A Short and Very Easy Method of Prayer

Chapter One
Introduction. That all are called to prayer, and by the aid of ordinary grace may put up the prayer of the heart, which is the great means of salvation, and which can be offered at all times, and by the most uninstructed.

All are capable of prayer, and it is a dreadful misfortune that almost all the world have conceived the idea that they are not called to prayer. We are all called to prayer, as we are all called to salvation.

Prayer is nothing but the application of the heart to God, and the internal exercise of love. St. Paul has enjoined us to "pray without ceasing;" (1 Thess. v.17,) and our Lord bids us watch and pray, (Mark xiii.33,37): all therefore may, and all ought to practise prayer. I grant that meditation is attainable but by few, for few are capable of it; and therefore, my beloved brethren who are athirst for salvation, meditative prayer is not the prayer which God requires of you, nor which we would recommend.

2. Let all pray: you should live by prayer, as you should live by love. "I counsel you to buy of me gold tried in the fire, that ye may be rich." (Rev. iii.8.) This is very easily obtained, much more easily than you can conceive.

Come all ye that are athirst to the living waters, nor lose your precious moments in hewing our cisterns that will hold no water. (John vii.37; Jer. ii.13.) Come ye famishing souls, who find nought to satisfy you; come, and ye shall be filled! Come, ye poor afflicted ones, bending beneath your load of wretchedness and pain, and ye shall be consoled! Come, ye sick, to your physician, and be not fearful of approaching him because ye are filled with diseases; show them, and they shall be healed!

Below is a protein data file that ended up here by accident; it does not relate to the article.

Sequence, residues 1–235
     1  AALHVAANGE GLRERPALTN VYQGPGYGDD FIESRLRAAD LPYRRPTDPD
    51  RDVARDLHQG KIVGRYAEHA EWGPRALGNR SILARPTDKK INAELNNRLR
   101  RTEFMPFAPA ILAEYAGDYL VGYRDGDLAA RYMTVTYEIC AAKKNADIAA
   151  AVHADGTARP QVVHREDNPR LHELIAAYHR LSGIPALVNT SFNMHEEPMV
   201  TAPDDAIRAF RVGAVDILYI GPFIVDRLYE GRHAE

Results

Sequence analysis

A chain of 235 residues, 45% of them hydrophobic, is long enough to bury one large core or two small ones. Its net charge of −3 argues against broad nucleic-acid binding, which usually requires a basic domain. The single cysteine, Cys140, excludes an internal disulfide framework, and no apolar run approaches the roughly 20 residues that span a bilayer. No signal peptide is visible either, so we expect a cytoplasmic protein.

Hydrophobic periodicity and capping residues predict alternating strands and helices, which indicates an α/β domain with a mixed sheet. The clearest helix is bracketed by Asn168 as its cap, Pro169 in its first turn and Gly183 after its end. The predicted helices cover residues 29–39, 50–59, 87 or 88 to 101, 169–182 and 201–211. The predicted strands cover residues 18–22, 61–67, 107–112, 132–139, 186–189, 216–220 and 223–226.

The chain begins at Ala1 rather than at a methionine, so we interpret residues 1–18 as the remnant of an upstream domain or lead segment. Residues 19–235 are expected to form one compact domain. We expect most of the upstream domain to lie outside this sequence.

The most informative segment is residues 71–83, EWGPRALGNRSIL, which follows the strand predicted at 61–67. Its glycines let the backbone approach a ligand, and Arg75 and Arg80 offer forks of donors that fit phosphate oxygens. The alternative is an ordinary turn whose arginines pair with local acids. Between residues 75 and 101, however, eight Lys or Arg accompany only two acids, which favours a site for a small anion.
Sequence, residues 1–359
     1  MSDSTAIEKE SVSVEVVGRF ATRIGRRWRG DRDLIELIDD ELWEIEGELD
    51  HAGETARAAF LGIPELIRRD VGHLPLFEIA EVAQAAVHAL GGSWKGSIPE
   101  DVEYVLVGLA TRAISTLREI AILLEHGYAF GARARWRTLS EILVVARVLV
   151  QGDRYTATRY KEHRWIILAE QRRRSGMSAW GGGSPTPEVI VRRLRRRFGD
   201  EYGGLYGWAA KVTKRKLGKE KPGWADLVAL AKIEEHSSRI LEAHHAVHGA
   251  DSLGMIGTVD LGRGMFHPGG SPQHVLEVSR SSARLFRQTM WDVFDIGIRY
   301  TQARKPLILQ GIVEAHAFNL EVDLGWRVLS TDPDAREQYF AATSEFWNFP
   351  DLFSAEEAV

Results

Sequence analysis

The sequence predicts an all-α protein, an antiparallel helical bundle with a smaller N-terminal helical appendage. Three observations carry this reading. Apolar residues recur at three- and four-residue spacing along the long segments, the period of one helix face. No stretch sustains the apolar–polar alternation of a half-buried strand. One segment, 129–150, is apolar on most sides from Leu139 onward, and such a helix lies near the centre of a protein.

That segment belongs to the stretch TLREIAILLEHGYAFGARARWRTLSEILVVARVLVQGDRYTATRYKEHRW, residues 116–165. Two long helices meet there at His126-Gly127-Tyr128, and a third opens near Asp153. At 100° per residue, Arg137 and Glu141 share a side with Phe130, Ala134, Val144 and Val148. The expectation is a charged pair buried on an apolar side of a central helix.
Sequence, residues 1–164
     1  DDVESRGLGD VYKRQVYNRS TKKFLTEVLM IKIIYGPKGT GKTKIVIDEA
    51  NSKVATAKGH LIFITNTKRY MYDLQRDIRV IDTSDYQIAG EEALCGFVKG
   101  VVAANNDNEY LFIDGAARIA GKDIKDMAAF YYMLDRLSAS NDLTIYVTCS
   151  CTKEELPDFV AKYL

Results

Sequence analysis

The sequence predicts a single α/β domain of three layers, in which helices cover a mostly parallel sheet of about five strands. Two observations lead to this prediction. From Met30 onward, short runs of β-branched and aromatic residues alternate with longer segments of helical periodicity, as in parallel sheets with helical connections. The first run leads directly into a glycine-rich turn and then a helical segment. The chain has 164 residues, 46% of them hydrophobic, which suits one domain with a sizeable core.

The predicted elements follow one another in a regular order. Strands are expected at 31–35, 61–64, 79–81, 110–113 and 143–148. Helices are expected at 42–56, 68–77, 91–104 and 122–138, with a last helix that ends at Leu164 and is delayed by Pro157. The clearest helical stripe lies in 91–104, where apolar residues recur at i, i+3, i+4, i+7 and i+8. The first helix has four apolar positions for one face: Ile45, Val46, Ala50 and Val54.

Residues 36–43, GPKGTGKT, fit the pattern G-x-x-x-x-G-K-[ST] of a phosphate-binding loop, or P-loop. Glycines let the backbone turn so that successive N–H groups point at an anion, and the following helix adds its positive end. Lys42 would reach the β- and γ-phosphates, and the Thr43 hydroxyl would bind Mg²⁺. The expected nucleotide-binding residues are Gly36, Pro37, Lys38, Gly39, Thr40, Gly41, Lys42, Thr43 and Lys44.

Children, draw near to your Father, and he will embrace you in the arms of love! Come ye poor, stray, wandering sheep, return to your Shepherd! Come, sinners, to your Saviour! Come ye dull, ignorant, and illiterate, ye who thing yourselves the most incapable of prayer! ye are more peculiarly called an adapted thereto. Let all without exception come, for Jesus Christ hath called ALL.

Yet let not those come who are without a heart; they are excused; for there must be a heart before there can be love. But who is without a heart? O come, then, give this heart to God; and here learn how to make the donation.

3. All who are desirous of prayer, may easily pray, enabled by those ordinary graces and gifts of the Holy Spirit which are common to all men.

Prayer is the key to perfection, and the sovereign good; it is the means of delivering us from every vice, and obtaining us every virtue; for the one great means of becoming perfect, is to walk in the presence of God. He himself hath said, "Walk before me, and be thou perfect." (Gen. xvii.1.) It is by prayer alone that we are brought into his presence, and maintained in it without interruption.

4. You must, then, learn a species of prayer which may be exercised at all times; which does not obstruct outward employmentsd, but of the heart.

It is not a prayer of the understanding alone, for the mind of man is so limited in its operations that it can have but one object at a time; but it is the prayer of the heart which is not interrupted by the exercises of reason. Nothing can interrupt this prayer but disordered affections; and when once we have enjoyed God, and the sweetness of his love, we shall find it impossible to relish aught but himself.

5. Nothing is so easily obtained as the possession and enjoyment of God. He is more present to us than we are to ourselves. He is more desirous of giving Himself to us than we are to possess Him; we only need to know how to seek Him, and the way is easier and more natural to us than breathing.

Ah! ye who think yourselves so dull and fit for nothing, by prayer you may live on God himself with less difficulty or interruption than you live on the vital air. Will it not then be highly sinful to neglect prayer? But doubtless you will not, when you have learnt the method, which is the easiest in the world.

 

Chapter Two

 

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